Buffington: Yes, every day. I'm currently adviser to the local interstitial cystitis support group. I've talked to two urologists, and
an autonomic neurologist over the last three days about grants we're going to submit to study humans. Some of the study is
based on what we have learned in cats. And we're taking some of what we've learned in people back to cats. The opportunity
to have naturally-occurring disease in two species is telling us things that there is no other way we could have learned.
I find that intensely exciting.
DVM: What projects do you have on the horizon?
Buffington: From a research point of view, we're looking into how changes in gene expression are affecting certain diseases. We are looking
at how changes in brain function are influencing diseases – all from the point of view of what can we do therapeutically.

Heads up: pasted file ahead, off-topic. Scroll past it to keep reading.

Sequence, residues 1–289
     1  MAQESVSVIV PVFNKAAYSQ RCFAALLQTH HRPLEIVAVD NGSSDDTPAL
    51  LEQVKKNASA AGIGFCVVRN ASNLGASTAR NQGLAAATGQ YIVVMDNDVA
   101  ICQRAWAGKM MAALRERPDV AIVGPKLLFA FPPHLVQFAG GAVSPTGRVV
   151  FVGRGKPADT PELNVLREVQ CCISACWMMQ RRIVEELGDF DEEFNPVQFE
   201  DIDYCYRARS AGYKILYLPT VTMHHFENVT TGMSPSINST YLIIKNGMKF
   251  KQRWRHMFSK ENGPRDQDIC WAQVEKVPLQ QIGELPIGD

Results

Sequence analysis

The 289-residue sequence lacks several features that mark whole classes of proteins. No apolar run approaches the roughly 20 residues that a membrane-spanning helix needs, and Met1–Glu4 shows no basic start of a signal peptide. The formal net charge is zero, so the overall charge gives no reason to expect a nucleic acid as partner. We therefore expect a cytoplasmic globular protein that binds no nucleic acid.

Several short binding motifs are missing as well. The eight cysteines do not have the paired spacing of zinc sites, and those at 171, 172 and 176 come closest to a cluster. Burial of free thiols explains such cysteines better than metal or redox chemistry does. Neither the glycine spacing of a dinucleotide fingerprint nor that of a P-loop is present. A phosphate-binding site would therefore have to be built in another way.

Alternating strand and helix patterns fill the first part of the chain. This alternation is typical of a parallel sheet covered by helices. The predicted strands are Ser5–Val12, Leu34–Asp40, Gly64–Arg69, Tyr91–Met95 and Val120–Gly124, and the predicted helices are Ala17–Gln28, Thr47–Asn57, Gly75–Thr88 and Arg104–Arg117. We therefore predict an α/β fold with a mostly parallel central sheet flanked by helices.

These studies are being conducted both in humans and cats. We just got funded for some of it. Something we discovered in cats
two or three years ago was that their adrenal cortex does not always function normally. And we've now looked at that in both
men and women with related disorders and found the same thing. How that is going to play out, we're not sure. There is a lot
more coming out of the adrenal cortex than just cortisol, which is what most people think. Some people have tried and failed
to use some of these hormones.
Hormones are like internal nutrients. You can have imbalances between one and another. To me, it has been very interesting
to take a nutritional approach to therapy.